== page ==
If you’re waiting to embrace a digital leadership experience until next year, consider this. Fifty-seven percent of learners want to be able to access their learning anywhere, anytime, through any device. Capture their attention where they live and breathe – in a world of online communities with engaging and snackable bites of learning. Get them to engage wherever they are with learners across the globe in a digital environment. They are already there, and you’re missing a big opportunity if you don’t keep pace with them.
Perhaps, then, there is but one insurmountable obstacle in migrating to a digital leadership journey. And it’s one I’ve heard before – my learners like the free lunch and afternoon cookies. For this obstacle, well, let me just say, yeah – I got nothing.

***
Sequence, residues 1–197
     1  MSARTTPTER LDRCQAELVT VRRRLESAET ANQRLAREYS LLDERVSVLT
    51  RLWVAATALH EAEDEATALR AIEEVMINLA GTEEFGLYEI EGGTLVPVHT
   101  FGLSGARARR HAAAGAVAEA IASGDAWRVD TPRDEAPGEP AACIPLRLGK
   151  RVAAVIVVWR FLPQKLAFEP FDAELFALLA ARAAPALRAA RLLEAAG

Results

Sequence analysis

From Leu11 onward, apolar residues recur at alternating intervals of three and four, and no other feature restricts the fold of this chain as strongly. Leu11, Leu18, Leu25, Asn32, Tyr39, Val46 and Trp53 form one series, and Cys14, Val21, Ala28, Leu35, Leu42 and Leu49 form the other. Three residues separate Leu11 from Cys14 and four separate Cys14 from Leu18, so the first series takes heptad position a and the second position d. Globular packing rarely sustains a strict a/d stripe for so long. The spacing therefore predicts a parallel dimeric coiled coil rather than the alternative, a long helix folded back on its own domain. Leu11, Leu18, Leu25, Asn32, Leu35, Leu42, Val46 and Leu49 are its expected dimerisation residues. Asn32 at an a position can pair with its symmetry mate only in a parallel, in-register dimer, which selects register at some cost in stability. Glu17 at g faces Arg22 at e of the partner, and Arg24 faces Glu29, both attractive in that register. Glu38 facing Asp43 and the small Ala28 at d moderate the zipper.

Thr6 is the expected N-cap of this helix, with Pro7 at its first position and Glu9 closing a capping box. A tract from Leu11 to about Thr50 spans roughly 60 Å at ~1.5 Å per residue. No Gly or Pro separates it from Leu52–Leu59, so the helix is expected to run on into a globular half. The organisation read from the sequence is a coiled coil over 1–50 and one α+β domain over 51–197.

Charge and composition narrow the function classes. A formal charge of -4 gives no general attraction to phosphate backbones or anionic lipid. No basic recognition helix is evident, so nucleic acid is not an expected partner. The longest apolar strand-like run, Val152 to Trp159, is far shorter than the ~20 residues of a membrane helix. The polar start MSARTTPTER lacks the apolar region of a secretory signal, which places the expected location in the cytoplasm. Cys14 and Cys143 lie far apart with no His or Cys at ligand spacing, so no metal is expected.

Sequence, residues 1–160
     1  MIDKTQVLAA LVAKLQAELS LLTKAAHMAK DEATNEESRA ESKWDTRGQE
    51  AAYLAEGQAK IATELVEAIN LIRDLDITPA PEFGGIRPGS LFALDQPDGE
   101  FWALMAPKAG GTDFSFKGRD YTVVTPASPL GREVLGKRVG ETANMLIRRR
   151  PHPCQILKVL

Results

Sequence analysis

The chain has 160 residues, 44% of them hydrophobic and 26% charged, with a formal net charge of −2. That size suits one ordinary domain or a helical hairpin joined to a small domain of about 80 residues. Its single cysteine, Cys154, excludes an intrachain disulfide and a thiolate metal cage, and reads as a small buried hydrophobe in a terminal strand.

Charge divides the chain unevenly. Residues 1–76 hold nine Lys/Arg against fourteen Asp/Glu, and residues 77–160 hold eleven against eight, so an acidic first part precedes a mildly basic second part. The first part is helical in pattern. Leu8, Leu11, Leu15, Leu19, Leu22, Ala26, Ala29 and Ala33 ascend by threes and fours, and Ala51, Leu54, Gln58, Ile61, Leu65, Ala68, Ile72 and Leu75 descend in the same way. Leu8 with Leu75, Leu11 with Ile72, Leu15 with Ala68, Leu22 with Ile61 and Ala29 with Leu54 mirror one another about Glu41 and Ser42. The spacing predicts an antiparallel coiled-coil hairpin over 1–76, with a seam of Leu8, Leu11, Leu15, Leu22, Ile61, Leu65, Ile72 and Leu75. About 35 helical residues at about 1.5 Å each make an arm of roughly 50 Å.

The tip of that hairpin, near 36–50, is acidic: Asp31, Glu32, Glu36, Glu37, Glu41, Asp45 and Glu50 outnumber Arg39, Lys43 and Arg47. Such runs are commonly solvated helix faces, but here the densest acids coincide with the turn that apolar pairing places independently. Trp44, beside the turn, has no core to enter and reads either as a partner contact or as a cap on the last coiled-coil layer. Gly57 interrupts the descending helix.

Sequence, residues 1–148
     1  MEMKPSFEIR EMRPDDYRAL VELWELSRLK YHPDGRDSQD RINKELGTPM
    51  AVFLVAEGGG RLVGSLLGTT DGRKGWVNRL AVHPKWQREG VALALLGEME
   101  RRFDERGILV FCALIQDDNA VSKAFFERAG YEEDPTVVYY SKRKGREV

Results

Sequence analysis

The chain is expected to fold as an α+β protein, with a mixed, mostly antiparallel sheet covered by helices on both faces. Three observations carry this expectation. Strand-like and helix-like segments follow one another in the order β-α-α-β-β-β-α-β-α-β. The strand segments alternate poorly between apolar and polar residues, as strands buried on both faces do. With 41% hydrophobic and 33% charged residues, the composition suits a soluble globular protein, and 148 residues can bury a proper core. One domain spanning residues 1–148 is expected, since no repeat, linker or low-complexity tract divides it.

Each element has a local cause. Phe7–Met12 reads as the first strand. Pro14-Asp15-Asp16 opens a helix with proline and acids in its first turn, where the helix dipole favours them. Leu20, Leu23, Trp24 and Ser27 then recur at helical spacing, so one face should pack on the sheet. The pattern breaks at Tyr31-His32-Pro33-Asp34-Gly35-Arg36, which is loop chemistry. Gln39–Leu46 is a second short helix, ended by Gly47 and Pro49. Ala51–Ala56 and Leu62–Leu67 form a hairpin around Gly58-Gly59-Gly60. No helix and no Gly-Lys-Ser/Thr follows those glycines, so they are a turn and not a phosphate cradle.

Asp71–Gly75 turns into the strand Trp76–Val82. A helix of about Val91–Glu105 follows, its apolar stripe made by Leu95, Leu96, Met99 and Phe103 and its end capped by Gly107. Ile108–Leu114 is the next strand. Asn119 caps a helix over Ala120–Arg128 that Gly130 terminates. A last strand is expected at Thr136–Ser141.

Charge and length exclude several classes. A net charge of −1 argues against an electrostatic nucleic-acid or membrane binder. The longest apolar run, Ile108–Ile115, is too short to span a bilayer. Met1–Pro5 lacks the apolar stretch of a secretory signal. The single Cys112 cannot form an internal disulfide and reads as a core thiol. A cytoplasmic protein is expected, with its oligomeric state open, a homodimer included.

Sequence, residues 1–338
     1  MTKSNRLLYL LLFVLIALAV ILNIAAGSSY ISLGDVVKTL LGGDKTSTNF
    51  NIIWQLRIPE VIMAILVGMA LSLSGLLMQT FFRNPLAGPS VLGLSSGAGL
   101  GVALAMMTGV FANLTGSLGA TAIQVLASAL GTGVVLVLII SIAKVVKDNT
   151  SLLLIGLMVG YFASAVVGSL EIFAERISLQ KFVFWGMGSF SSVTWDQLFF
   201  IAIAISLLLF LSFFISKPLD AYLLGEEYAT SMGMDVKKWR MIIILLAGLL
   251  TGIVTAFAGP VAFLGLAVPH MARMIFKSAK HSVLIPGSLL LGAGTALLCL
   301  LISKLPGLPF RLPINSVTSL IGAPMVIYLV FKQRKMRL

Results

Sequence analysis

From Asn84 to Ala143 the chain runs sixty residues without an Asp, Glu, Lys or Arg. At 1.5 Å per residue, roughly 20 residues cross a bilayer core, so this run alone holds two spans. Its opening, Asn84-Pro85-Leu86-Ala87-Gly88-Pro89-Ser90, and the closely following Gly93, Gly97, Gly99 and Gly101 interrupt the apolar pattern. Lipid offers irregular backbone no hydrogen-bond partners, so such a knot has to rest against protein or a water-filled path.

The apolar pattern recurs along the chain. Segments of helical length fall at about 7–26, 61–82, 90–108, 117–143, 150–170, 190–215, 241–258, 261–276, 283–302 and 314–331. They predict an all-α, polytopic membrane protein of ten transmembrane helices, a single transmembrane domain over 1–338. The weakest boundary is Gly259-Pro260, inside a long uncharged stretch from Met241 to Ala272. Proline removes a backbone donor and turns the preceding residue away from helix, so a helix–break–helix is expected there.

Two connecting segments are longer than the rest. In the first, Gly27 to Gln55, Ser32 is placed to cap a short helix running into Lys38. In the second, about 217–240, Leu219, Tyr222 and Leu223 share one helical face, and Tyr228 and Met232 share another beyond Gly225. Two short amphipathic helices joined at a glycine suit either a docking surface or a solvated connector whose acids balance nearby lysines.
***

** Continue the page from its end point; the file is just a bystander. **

Leah leads Strategy and Planning for BlessingWhite, a Division of GP Strategies, focusing on bringing new products to market and enhancing the participant experience. She works with clients to understand their leadership and engagement challenges and consults with them on the creative solutions.
Prior to joining BlessingWhite, Leah had her own practice in executive coaching and consulting. She is a certified professional coach through an ICF accredited organization and is a Myers-Briggs practitioner.
Leah has over seventeen years of experience in marketing, strategy, and product development in a corporate environment. She has also served as an adjunct faculty member in the fields of psychology and organizational psychology.
She has a Master’s of Arts degree in Organizational Psychology from Columbia University and a Bachelor of Arts in English and Sociology from Boston College where she graduated summa cum laude.
Latest posts by Leah Clark (see all)